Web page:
You may be able to return to regular shoes.
Custom molded orthotics maybe recommended at this time.
Most low-impact exercises are performed to about 80% of their usual level.
Fifth Post-Operative Visit: Week Twelve
Postoperative x-rays are taken.
You may return to your normal activity level.
One year Post-Operative Visit
Postoperative x-rays are taken.
NOTE: THE ABOVE GUIDELINES MAY VARY FROM PATIENT TO PATIENT. INDIVIDUAL PATIENTS WILL VARY IN THEIR EXPERIENCES. WAIT FOR THE DOCTOR TO APPROVE EACH OF THE CHANGES ON THIS LIST.
Bunions are among the most common type of foot ailment today's podiatrist treats, especially in women. Studies show that women are anywhere from two to nine times more likely to develop a bunion than men! While your high heels and peep toes are partially to blame for your pain, your foot type (passed down through your family) is the true culprit.
Here's the good news! The Foot and Ankle Surgeons at Academy Foot and Ankle Specialists are true experts when it comes to diagnosing and treating bunions. Podiatrists perform tens of thousands of bunion procedures every year, more than any other medical professional in the United States.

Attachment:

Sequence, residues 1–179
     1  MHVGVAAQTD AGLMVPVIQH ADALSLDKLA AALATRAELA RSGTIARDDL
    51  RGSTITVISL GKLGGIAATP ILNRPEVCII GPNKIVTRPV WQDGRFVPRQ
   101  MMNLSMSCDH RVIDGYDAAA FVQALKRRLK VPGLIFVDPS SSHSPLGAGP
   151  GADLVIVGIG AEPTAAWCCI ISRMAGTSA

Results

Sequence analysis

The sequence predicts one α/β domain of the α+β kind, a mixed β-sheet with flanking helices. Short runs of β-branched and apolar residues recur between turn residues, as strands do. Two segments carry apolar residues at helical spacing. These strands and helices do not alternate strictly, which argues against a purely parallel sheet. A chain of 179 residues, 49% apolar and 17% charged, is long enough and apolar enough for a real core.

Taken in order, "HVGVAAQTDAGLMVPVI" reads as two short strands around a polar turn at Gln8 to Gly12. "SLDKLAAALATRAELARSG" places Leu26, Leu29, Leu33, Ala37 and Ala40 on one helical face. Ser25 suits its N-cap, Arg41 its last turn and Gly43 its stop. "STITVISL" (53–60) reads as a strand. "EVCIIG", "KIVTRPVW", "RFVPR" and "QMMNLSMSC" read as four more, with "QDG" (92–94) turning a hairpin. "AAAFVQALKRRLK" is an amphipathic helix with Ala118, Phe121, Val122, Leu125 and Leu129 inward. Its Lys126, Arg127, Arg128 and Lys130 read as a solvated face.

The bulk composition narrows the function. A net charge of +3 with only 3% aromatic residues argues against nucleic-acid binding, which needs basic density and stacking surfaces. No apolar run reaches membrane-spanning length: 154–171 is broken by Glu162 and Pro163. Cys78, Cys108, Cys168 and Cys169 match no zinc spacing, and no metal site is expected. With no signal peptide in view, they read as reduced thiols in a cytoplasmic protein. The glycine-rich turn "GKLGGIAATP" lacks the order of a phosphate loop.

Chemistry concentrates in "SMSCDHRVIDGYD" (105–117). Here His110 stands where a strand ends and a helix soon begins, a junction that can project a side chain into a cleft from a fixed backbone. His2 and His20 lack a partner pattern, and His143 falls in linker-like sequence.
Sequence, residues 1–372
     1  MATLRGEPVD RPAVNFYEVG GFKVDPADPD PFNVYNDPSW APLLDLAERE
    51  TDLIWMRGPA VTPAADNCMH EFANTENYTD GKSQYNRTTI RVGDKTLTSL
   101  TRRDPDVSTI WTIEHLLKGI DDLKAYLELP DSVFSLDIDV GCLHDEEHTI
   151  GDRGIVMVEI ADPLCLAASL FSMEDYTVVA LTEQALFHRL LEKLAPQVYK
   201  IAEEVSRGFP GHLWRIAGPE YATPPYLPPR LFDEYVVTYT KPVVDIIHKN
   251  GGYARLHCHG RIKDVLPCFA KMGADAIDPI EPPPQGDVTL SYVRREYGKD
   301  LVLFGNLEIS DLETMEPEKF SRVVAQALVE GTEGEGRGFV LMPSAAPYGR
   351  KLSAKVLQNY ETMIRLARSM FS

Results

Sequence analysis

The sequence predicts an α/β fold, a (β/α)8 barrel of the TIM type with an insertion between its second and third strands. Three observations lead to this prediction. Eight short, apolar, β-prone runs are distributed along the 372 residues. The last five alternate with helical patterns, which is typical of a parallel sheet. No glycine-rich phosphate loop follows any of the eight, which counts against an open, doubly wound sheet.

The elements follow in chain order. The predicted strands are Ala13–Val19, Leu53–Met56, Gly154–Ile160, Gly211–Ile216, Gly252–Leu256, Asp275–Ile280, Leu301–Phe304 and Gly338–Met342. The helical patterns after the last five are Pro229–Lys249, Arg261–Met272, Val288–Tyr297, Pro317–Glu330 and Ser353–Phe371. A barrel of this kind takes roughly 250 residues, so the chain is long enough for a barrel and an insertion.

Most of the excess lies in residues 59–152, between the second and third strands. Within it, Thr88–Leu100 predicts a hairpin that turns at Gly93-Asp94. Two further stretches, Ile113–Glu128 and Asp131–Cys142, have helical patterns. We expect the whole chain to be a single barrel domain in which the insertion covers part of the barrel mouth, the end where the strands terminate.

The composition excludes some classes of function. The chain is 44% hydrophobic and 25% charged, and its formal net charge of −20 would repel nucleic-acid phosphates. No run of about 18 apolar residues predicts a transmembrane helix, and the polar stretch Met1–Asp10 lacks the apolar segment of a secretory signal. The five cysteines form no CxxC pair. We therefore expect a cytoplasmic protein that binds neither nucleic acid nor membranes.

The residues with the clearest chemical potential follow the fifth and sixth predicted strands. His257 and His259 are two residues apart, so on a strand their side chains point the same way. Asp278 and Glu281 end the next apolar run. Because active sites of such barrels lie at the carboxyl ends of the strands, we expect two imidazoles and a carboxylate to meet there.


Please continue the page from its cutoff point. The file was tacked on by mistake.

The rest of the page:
Fortunately, we are only a click away! The doctors at Academy are uniquely qualified among medical professionals to treat bunions, based on their education, training, and experience. If you suspect a bunion, contact one of our Foot and Ankle Specialists and beat bunion blues!
'Tis the season for icy weather. And with icy weather, comes icy roads and sidewalks. If you're not careful, it could be the season for an ankle fracture! These types of fractures are very common when the conditions outside get slippery!
A broken ankle is also known as an ankle fracture. This means that one or more of the bones that make up the ankle joint are broken. Twisting or rotating the ankle, rolling the ankle, tripping or falling, or direct trauma, as in a car accident, can cause these fractures.